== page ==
If you and your spouse cannot agree on your children’s vaccine status, there may be grounds for legal intervention in the form of medical custody. This contentious issue is rising to the fore of late as numerous couples struggle to reach an agreement over the upcoming COVID-19 vaccination for children.
When medical custody is granted, one parent is given sole input over the child or children’s medical needs. It is worth noting that there is legal precedent suggesting that the courts favor a pro-vaccine stance. In a 2015 case, for example, a Pennsylvania appellate court said that anti-vaccine stances were “unreasonable” and “dangerous.”
To take the ex-spouse back to court and make the child get vaccinated, you would need a local family law attorney to argue your legal case for you. The judge will need to see some case law showing they have the authority to do this and that is done through something called case law and statutes. A good divorce lawyer in Selma should be able to do that for you in Dallas County, Alabama. Your ex will likely get a local lawyer too, so be ready for a bit of a fight if your ex truly believes the vaccine is dangerous.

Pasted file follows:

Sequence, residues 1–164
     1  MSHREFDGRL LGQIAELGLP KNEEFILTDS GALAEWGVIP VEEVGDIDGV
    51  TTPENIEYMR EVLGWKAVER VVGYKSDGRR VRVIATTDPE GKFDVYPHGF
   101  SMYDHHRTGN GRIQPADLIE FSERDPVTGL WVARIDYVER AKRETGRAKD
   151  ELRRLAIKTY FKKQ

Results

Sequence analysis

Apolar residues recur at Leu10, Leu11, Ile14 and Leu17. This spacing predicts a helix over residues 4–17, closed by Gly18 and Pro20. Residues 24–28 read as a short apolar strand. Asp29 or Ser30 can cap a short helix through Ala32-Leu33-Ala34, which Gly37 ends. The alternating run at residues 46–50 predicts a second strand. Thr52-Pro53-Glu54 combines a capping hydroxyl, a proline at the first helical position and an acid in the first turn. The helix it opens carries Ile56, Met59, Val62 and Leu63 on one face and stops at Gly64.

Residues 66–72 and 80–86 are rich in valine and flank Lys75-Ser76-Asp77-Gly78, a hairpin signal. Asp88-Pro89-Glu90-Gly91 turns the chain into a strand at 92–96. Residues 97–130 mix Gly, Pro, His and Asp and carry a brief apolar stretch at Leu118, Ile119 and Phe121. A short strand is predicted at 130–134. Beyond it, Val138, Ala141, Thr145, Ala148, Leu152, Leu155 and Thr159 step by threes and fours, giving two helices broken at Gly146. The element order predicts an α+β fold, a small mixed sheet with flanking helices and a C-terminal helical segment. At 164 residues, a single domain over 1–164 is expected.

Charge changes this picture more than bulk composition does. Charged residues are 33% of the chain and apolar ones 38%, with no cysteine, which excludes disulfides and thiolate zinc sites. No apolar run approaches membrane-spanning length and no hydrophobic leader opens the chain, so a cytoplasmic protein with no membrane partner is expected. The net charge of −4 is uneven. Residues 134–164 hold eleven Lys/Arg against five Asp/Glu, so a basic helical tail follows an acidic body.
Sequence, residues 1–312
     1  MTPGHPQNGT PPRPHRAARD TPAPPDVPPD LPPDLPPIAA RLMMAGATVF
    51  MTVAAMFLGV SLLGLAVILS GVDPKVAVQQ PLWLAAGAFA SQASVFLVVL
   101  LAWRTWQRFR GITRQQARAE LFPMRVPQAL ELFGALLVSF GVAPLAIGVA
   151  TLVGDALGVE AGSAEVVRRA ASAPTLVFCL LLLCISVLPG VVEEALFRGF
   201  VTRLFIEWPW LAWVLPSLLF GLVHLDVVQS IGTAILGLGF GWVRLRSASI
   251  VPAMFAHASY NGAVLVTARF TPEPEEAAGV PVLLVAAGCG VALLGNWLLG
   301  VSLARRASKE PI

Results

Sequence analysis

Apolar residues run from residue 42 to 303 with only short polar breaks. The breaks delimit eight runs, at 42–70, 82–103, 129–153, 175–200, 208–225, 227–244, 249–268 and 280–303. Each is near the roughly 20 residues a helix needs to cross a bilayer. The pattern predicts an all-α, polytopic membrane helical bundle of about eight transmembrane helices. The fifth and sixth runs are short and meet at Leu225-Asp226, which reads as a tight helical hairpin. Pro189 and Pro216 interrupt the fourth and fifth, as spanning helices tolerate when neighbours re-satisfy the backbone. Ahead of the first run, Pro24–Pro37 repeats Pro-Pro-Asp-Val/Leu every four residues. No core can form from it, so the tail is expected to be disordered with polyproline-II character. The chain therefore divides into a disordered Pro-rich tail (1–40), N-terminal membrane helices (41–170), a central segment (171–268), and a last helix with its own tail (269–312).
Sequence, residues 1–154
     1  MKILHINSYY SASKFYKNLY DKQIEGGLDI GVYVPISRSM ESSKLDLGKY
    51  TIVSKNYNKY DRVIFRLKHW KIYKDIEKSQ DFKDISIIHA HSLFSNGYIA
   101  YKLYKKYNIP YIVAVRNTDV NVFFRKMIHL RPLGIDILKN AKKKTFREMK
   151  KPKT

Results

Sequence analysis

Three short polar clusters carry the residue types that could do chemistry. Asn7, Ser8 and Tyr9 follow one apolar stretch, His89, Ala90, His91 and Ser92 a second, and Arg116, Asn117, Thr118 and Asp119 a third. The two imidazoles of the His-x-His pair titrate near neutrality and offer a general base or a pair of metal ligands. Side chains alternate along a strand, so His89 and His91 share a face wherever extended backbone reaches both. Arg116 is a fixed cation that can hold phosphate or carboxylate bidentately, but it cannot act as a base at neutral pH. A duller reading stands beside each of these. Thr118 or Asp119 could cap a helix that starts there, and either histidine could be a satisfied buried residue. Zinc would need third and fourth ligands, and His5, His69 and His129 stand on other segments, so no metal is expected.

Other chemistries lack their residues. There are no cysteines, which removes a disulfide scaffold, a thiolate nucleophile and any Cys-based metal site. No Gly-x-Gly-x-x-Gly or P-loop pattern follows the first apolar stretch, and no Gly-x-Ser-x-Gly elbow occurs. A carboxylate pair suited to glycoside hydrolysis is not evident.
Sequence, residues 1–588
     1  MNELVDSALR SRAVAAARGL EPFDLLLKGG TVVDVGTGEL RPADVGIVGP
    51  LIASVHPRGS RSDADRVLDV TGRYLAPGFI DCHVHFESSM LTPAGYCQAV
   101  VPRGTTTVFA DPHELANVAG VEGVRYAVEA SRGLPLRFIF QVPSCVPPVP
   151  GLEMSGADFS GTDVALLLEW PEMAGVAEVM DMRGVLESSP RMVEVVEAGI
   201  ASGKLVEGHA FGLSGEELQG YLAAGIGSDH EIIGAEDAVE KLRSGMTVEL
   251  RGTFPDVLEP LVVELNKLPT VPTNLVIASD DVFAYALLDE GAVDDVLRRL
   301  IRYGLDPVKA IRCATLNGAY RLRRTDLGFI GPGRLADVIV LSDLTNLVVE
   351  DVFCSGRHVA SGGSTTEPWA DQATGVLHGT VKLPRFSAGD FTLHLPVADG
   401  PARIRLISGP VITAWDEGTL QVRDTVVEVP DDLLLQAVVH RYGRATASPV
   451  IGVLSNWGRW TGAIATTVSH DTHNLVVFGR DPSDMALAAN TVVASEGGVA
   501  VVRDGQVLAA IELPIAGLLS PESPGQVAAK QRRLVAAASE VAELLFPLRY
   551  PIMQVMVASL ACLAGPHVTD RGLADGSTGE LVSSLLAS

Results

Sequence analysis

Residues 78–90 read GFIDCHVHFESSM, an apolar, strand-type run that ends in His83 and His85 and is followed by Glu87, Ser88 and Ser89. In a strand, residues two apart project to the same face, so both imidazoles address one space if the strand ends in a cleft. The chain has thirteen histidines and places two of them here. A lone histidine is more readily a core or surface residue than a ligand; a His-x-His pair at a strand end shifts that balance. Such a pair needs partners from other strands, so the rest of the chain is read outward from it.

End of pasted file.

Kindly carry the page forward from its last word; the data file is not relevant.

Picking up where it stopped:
Going down the medical custody route should be viewed as a last course of action when discussions completely fail as it involves input from local family law courts. If you’d like to avoid this course of action, you are better off attempting to reach an agreement with your spouse.
Try and reason with your ex. Point out that schools and other organizations that your child or children participate in may require the kids to be partially or fully vaccinated. Explain that non-vaccination status may exclude the children from certain activities they enjoy and/or are essential to their overall development, as is the case with schools. If it can be shown that getting the vaccine is in the best interest of the child that may be the best way to get the judge to side with you and your attorney at the hearing, should you have to file a case as well.